The Château de Montlhéry played a key role in France's history, dating back at least as far as 1008 when Thibaut, a forester under Robert II, built the first known fortifications. Of vital significance, due to its strategic location between Paris and Orleans, the first castle was destroyed between 1104 and 1107.
The lords of Montlhéry opposed the king, Louis VI, who had the castle destroyed but left the tower standing. The castle we see today was built in the early 13th century under Phiippe Auguste. Louis IX, who was later to become king, took refuge there during the revolt of the barons until the Parisians came to Montlhéry on foot to escort him back to Paris. Legend has it that in 1254, on his return from one of the Crusades, Saint Louis expressed his gratitude with the construction of a chapel bearing his name, which stood at the castle entrance. (The foundations are still visible to the left of the drawbridge.)
In 1347, the castle came under siege and was occupied by the English several times. It is likely that major repair work was carried out in 1382 by the constable Olivier de Clisson, who was the castle's chief guard at the time. Additions included four extra floors in the keep, a wall walk, and several fireplaces. The castle was a strategic target for ransackers interested in the region, and the residents of Montlhéry grew weary of being robbed and seeing their homes pillaged. In 1591, under the reign of Henri IV, they were granted the right to disarm the castle which, from then on, was used as a quarry and its stone contributed to all kinds of buildings.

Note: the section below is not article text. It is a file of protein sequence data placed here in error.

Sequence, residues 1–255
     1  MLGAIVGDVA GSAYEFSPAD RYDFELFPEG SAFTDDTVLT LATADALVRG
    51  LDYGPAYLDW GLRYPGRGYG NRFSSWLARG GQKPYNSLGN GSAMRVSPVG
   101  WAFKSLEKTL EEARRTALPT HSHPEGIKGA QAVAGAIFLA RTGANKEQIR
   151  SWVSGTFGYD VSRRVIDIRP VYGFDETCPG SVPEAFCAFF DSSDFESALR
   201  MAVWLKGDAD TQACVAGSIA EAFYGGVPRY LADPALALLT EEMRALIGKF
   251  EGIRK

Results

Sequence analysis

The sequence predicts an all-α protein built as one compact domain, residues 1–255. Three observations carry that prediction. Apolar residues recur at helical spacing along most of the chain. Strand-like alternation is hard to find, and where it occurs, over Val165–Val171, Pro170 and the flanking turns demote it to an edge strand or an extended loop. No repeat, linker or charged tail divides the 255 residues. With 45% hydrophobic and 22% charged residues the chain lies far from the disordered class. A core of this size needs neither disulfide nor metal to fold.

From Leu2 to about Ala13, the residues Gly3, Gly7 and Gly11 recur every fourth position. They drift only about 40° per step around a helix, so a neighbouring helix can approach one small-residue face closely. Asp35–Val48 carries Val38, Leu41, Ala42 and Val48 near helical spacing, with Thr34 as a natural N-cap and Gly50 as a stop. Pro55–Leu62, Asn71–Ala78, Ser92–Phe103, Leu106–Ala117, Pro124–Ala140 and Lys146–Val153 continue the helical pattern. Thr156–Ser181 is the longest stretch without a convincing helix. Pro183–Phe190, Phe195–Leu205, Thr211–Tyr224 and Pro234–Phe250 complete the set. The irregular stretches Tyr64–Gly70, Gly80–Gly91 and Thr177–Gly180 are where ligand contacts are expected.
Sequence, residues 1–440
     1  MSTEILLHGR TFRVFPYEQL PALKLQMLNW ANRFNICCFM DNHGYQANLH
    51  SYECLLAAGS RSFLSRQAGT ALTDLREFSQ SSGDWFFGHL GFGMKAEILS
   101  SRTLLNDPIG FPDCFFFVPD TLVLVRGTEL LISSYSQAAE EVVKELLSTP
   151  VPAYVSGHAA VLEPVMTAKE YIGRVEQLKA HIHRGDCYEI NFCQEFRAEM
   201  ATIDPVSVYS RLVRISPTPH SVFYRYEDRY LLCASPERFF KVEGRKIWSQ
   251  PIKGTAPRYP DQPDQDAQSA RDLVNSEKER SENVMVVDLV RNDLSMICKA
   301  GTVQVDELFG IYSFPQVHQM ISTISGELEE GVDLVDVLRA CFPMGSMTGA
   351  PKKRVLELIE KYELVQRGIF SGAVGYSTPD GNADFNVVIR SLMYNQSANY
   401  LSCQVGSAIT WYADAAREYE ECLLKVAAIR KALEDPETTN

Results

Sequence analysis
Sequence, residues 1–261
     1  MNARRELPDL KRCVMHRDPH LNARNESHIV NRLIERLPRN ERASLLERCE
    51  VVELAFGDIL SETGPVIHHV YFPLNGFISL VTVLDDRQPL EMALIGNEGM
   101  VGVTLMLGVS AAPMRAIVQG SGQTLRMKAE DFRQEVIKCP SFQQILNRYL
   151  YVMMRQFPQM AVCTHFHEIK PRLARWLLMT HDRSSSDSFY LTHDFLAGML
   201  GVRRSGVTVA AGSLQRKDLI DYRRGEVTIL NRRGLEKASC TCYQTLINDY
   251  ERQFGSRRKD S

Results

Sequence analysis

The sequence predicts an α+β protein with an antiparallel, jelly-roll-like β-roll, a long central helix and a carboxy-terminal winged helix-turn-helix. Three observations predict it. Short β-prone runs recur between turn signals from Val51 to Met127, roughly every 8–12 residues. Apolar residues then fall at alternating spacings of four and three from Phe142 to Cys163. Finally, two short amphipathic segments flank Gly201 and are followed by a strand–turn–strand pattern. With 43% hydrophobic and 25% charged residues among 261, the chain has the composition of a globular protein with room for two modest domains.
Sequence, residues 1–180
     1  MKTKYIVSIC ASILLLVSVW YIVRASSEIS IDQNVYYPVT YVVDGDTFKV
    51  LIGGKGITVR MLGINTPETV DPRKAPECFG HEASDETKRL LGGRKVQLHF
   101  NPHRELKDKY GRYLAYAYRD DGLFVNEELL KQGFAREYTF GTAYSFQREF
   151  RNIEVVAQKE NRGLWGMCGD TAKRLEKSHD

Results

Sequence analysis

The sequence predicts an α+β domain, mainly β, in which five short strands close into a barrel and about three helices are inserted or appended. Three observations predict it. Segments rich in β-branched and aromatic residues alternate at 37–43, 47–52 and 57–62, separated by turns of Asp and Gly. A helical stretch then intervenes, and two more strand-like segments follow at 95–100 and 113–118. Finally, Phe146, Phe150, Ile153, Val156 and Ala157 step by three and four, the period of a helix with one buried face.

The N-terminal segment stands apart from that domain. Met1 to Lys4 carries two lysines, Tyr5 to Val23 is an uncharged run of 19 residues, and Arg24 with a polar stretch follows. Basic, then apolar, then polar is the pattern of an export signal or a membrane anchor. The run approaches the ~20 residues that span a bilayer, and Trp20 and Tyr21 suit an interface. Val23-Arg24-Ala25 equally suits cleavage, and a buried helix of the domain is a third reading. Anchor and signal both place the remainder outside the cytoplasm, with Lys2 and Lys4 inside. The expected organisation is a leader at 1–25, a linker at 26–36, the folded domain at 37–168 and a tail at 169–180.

During the 19th century, the site was used for scientific research purposes.
César François Cassini de Thury: measurement of the speed of sound in air.
Crançois Arago: in 1822, measurement of the speed of sound in air via experiments carried out between Villejuif and the Tour de Montlhéry tower.
Marie-Alfre Cornu: calculation of the time taken by a ray of light to make a return trip between the Tour de Montlhéry and an identified point of the Paris observatory (300,400 km/s).
Height of the Tower: 30 metres / base 137 metres above sea level
Listed as a Historical Monument in 1840
From 16/04 to 29/10/2023, every Saturday and Sunday between 2 pm and 6 pm.
Full price: 3 €.
Free entry for children - 6 years.